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Thursday, 29 May 2008

Let's Be Beastly to the Chinese

The Chinese government has branded actress Sharon Stone "the enemy of all mankind" after she wondered out loud whether the Sichuan province earthquake was "karma" for Chinese crackdowns in Tibet.

What she actually said (although you wouldn't know it from the media reaction) was not "This is karma for China's actions in Tibet", but "And then this earthquake and all this stuff happened, and then I thought, is that karma? When you're not nice that the bad things happen to you?"

These weren't preconceived remarks that Sharon Stone took into a TV studio to make as her considered reaction to the Chinese earthquake, but idle musings in the middle of the Cannes Film Festival, which the media immediately pounced upon and elevated into a major political or even religious statement.

Ok, she sounds a bit dumb, but I expect she'd had a hard day....

The inevitable youtube video of Stone's remarks caused a hullabaloo beyond the bamboo curtain, and Christiana Dior hastily dropped Stone from their Chinese ads for their foul-smelling perfume, which I sincerely hope none of the Clown's readers wear.

The real story is Christian Dior's grovelling statement (having already forced Stone herself to issue a gushing apology):

We will never support any opinion that hurts the feelings of the Chinese people.

The Chinese market is so important now that piffling considerations like free speech can evidently be just swept aside.

Well, phooey to that.

The 19th anniversary of the Tiananmen Square massacre is coming up! On June 4th, 1989, 2,000-3,000 students were massacred in cold blood by the so-called People's Liberation Army. China is the world's fastest expanding sweat shop, and without having rid themselves of their brutal Communist elite,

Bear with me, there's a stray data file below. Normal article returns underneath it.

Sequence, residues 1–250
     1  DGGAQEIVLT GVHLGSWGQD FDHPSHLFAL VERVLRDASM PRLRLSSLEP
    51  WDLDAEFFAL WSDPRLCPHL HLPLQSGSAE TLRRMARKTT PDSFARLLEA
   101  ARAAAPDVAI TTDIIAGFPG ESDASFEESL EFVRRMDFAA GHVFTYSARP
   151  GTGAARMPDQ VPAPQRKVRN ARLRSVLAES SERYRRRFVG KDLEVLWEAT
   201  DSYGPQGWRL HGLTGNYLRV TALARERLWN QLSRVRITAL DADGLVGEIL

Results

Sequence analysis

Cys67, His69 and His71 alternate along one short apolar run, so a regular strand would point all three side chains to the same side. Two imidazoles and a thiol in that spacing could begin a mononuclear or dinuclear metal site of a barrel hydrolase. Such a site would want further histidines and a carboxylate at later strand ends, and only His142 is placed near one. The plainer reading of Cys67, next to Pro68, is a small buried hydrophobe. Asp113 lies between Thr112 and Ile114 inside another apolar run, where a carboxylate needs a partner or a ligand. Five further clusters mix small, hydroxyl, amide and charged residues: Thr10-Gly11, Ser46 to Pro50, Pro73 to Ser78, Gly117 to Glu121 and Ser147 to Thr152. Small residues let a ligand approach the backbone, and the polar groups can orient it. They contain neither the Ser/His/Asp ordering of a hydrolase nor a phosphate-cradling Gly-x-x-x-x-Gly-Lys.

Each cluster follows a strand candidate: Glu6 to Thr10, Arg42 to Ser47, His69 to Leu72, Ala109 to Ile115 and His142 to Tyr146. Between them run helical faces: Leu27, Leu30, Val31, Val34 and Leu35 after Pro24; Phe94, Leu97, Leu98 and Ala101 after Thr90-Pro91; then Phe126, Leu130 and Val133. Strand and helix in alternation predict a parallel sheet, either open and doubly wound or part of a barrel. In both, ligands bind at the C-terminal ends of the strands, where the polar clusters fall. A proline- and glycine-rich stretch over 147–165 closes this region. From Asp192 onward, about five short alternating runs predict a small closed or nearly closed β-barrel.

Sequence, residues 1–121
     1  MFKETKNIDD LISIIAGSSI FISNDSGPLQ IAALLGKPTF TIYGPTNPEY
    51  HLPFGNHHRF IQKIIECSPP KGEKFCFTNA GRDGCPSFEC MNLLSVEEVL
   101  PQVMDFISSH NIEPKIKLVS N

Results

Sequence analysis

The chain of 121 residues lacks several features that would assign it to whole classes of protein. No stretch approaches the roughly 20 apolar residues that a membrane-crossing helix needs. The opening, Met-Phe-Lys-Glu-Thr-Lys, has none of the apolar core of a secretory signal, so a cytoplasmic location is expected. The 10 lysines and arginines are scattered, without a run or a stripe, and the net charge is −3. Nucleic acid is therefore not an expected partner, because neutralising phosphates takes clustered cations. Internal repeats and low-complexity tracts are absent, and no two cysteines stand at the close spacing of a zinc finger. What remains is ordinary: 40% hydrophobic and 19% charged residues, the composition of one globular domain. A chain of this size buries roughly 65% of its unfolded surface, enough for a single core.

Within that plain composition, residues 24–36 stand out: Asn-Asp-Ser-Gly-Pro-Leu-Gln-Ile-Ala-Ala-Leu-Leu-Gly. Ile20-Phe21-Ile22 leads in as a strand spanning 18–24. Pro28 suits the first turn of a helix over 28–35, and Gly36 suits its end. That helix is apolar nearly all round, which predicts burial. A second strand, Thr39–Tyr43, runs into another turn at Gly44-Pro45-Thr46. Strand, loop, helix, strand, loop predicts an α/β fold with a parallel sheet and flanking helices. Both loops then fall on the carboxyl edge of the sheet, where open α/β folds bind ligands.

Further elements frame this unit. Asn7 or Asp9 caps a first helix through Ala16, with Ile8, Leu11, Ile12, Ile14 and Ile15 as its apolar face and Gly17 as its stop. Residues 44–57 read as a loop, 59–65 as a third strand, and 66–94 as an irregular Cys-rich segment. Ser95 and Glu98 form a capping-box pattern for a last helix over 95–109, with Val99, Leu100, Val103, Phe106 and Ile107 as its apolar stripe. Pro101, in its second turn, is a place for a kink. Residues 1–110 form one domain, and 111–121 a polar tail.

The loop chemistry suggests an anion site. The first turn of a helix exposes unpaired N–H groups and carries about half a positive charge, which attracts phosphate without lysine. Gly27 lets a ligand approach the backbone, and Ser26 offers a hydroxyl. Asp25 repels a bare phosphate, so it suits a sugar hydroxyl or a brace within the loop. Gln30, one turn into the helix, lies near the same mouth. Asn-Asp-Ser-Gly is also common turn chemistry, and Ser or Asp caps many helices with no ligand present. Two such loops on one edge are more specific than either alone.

the Chinese are happily embracing the most unpleasant features of unrestrained market capitalism. And as Sharon Stone was suggesting, they are committing cultural genocide in Tibet. But oh no, we aren't supposed to hurt their feelings!

Thank goodness for the worldwide protesters who have been disrupting the progress of the Olympic torch. There's another flame that needs to blaze more brightly in China before we start worrying about upsetting Chinese feelings.

Hey, China, you don't have to look as far as the West to see what a free media looks like:

Anti-Beijing protests in Seol, South Korea.

And 19 years on, this is still the most courageous act I've ever seen in my life:

One loan protester halts PLA tanks in their tracks.


SE said...

Where was that protester on loan from, Mr Clown? :wink:

Anonymous said...

I always find it so fascinating when people criticize China as not being "free", when, of course, you're five times more likely to be in a prison if you're American than if you're Chinese. The US now has more prison slave labor than China, and of course, has murdered many, many more innocent people over the past decade than China has. But I guess the truth is hard to face.

Anonymous said...